ACT Executive Director Deborah Harford is proud to have contributed to a recent CBC Kids News article on the connection between Canada’s wildfires and climate change with other field experts Jean Andrey, professor and dean of the faculty of environment at the University of Waterloo, Ellen Whitman, forest fire research assistant with Natural Resources Canada, and Bob Gray, fire ecologist.

The article contains a mix of graphics, pictures, maps, and other visual explanations of how wildfires work, and how wildfire seasons are becoming longer and more intense. The hotter summers experienced in British Columbia result in longer fire seasons, drier wildland fuel, hotter fires, and more smoke and released greenhouse gases. The article is suitable for kids of all ages.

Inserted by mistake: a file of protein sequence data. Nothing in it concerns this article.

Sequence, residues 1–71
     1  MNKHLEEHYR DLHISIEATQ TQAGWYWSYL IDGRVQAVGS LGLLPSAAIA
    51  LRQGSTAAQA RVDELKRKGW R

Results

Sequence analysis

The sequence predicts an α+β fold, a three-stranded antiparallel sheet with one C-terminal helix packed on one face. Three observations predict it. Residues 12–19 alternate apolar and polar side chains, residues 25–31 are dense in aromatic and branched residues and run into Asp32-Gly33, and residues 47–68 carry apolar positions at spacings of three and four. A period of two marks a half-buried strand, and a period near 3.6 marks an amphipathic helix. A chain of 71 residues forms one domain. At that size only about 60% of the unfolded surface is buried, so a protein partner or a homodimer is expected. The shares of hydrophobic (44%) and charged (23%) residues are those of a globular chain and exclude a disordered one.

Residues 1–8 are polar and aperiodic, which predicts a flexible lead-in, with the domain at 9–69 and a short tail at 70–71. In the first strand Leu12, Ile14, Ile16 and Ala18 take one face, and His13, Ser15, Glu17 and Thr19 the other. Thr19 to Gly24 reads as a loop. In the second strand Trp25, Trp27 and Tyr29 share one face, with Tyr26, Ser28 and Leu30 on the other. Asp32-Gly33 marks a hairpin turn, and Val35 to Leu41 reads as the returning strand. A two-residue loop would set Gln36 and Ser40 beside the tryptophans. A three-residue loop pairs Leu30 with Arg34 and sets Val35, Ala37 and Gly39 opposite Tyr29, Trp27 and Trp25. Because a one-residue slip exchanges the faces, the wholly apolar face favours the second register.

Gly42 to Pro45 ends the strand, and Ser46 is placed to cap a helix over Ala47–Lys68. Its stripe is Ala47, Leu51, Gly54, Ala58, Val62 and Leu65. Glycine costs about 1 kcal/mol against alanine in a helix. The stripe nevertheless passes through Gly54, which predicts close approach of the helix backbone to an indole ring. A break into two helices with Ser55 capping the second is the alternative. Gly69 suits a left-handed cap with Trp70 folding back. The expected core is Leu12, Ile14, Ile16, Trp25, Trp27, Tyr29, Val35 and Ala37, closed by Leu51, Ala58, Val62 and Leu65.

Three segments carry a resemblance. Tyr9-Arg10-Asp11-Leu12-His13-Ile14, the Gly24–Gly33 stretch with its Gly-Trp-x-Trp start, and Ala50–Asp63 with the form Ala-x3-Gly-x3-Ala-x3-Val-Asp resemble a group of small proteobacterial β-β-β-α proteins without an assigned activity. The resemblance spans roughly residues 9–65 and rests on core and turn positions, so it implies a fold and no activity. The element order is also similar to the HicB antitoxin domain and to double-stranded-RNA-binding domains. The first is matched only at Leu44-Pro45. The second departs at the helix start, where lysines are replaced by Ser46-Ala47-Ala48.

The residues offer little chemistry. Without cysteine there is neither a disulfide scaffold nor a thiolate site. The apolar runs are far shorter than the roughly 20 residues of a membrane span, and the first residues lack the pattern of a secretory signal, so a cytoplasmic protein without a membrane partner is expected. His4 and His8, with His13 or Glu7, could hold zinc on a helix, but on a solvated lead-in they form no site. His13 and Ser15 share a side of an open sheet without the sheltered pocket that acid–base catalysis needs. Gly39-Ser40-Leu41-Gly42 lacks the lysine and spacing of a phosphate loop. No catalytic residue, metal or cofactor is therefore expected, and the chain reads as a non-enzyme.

Flow diagram showing the Cycle of Wildfires, black text on a bright yellow background. Step One: Hotter temperatures earlier equals a longer wildfire season. Step two: Hotter temperatures earlier equals fire fuel getting drier quicker. Step three equals hotter, bigger, and longer-laster fires that produce smoke and greenhouse gases. Step Four: more smoke and greenhouse gases in the air equals hotter temperatures. Process repeats, going back to step one.

Check out the article here